Flash Fiction Friday
Mackinac Island: Lake Huron
The third installment in my Mackinac Island series. See the other parts here.
No matter what direction you look water lies before you. The lake, large and vast, enchants your eyes with a multitude of colors; navy, deep blue, steel blue, grey, aqua, turquoise. All shades of blue. It’s near impossible to decide which one to look upon, to lock onto, to allow to enrapture you further, especially when you discover the lightest of colors. Nearest the shore, where the water’s so clear that the golden sand gleams through, the blue water’s dyed almost green. A pale, gentle green. Aquamarine is the closest you can think of, yet even that isn’t the color of the water. It’s a color all its own.
Following the array of shades your attention drags farther out into the lake where the hue deepens, darkening the waters as the depths vary with the deepest being the strangest color yet: indigo. So subtle, the purple tint is almost indiscriminate. Yet, once seen it gleams brilliantly against the other blues of the watery depths. Deep and shallow and everywhere in between. Each one a distinct section in the water that, even from the shore, you see them differentiate themselves by the way the water moves at different speeds. They reflect the sunlight in different ways causing the path of light to fracture.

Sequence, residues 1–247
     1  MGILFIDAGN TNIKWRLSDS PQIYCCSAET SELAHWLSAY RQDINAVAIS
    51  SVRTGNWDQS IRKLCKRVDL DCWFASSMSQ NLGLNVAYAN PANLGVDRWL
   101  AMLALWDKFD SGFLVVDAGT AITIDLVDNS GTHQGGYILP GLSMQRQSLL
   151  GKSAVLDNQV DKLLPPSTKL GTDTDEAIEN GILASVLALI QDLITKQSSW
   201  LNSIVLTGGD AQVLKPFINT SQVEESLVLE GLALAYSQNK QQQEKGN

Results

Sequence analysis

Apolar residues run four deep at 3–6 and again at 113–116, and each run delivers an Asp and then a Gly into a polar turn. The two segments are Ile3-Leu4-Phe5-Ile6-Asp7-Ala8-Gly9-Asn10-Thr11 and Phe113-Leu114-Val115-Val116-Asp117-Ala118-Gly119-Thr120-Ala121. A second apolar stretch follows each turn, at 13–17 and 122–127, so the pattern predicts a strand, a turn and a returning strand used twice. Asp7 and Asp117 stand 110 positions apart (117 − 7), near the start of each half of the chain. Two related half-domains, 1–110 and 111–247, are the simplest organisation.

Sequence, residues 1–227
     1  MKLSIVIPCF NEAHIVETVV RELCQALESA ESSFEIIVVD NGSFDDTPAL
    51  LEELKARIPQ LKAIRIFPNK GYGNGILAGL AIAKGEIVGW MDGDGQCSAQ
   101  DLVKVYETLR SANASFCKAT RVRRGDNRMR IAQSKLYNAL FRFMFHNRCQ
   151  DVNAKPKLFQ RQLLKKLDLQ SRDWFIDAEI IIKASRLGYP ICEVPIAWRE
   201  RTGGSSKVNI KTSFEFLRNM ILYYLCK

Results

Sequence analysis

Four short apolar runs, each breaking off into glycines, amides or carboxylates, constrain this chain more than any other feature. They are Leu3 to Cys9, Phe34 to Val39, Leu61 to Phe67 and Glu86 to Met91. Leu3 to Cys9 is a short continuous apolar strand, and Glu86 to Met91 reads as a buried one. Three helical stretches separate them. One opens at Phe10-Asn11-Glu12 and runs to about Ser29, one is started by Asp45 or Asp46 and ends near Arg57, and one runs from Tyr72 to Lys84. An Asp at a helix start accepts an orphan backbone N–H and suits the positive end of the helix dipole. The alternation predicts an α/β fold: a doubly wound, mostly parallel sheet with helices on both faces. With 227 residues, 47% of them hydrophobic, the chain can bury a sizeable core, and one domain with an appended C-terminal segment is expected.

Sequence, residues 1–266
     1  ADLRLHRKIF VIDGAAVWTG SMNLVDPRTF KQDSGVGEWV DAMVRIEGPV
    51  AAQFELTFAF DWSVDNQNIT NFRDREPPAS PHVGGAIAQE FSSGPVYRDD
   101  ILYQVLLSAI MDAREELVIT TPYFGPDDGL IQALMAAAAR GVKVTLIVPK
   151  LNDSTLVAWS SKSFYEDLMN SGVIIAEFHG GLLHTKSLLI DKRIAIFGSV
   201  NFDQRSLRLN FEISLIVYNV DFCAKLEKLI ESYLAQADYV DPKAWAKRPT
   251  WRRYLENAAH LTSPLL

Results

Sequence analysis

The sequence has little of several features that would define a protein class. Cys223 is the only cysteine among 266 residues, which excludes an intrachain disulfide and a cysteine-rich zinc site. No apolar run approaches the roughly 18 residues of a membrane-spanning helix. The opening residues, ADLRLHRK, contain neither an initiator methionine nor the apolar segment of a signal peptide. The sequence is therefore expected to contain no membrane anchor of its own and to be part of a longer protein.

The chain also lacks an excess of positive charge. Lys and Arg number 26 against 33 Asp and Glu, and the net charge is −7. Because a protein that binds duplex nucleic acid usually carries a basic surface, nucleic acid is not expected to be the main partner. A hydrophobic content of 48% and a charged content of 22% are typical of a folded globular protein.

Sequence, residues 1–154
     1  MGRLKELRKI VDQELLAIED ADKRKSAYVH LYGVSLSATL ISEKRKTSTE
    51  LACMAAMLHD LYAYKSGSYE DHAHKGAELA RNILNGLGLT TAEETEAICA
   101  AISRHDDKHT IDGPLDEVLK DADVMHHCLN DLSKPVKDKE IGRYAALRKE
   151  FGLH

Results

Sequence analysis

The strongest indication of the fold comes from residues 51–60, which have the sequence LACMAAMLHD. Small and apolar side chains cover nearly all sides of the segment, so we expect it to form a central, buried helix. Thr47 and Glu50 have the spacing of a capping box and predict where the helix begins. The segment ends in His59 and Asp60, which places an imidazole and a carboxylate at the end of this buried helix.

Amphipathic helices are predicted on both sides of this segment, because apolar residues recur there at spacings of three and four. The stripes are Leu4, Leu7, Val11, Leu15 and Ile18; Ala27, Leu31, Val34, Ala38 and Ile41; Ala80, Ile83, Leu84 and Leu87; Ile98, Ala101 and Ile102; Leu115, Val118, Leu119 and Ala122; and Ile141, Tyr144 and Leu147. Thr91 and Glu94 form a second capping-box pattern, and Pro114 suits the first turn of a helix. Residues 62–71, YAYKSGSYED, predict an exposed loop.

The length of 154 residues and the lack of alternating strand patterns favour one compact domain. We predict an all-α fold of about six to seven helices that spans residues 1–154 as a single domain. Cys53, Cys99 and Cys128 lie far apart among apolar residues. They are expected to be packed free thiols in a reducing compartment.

No longer a seamless line leading to the distant island, but broken as if a ferry had cut the light into different parts. The sun, too, no longer wants the path to stay. It’s as if it’s angry that you didn’t follow the path, didn’t venture to the distant island that still lies like a sleeping shadow on the horizon. In its ire, the sun continues its ascent. It climbs higher and higher into the sky, dragging the light path with it, dragging it off the water. However, the light path clings to the lake. Just trickles remain, spotting the water nearest you as the path loses strength, loses the fight.
The path isn’t the only thing fighting a battle. A rock, just large enough to break the surface, peaks through the water. It struggles for air. The water splashes over the rock, trying to suck it back under, to reclaim it and return it to the submerged land below. Still, the rock struggles. It fights again and again for the sky as the water washes away to gain strength so that it might try to consume the rock once more.